2)  Treat it as an atomic operation and try to figure out what the "keep selecting
    the same content" thing would mean in that case, within the constraint that
    both endpoints get adjusted in the same way.

#1 gives us more predictable behavior, I think, and is what Gecko 1.8 did...
I'm tempted to say that we should do 2 since that almost seems like what the purpose of replaceData is.

But I guess the safe thing to do is to do what 1.8 did until we can get a clarification from W3C.
To be honest, if we keep the "both endpoints modified the same way" constraint, there is no sane way to do #2, as far as I can tell.  Throwing away that constraint would let us do better, and in any case that constraint relies on the remove/insert model of mutations in the spec...
"Note that when content is inserted at a boundary-point...the boundary-point will be positioned at the start of the newly inserted content."

That is what the patch does. If new text is inserted at the end point, the 
inserted text goes after that point. The same happens with the start point.
So in that sense the boundary points are handled similarly.

And .textContent doesn't matter here. One could use .nodeValue or .data etc.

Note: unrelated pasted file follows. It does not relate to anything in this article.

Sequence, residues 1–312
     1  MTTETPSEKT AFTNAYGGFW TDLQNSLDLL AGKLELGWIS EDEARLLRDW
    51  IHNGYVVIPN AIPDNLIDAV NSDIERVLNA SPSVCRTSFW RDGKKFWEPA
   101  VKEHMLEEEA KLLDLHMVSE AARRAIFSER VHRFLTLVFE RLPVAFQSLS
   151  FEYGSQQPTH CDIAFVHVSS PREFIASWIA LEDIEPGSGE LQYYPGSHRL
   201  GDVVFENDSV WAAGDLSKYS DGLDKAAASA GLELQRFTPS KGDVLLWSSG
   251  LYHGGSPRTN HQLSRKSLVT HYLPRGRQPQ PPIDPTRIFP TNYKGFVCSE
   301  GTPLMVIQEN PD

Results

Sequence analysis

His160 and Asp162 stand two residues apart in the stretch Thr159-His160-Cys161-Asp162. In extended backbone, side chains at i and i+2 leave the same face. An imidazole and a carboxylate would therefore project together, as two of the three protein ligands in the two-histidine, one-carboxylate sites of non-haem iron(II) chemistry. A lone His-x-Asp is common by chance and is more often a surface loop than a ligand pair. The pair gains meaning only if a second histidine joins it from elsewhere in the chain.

The first question to ask is if replaceData is considered a single operation, or an delete and insert, or even an insert and delete.

Unfortunately the only paragraph that resonably talks about this is an informative one:

"Any mutation of the document tree which affect Ranges can be considered to be a combination of basic deletion and insertion operations. In fact, it can be convenient to think of those operations as being accomplished using the deleteContents() and insertNode() Range methods and, in the case of Text mutations, the splitText() and normalize() methods."

The first sentence seem to indicate that everything is built up of inserts and deletes (though it doesn't specify order). However the last few words would seem to indicate that bug 191864 is indeed a bug which means that normalize and splitText are atomic and not separate insert and delete.
If we posit that splitText and normalize are the primitives to use for text, then this mutation can in fact be expressed in terms of these primitives and remove/insert.  It would look like so, with <> being textnodes and [] being the range endpoints:

  <Hello[!]>

splitText to split out the part that's changing from the part that's not:

  <><Hello[!]><>

remove the part that's changing:

  <>[]<>

Insert the new text:

  <>[]<Hello!><>

Normalize:

  <[]Hello!>

At least that's the only thing I can assume that paragraph means.

It really is too bad that it's informative and not normative.  If it were the latter, everything would be so much clearer...  It would also help if the range spec defined splitText and normalize behavior like it defines remove/insert, of course...  ;)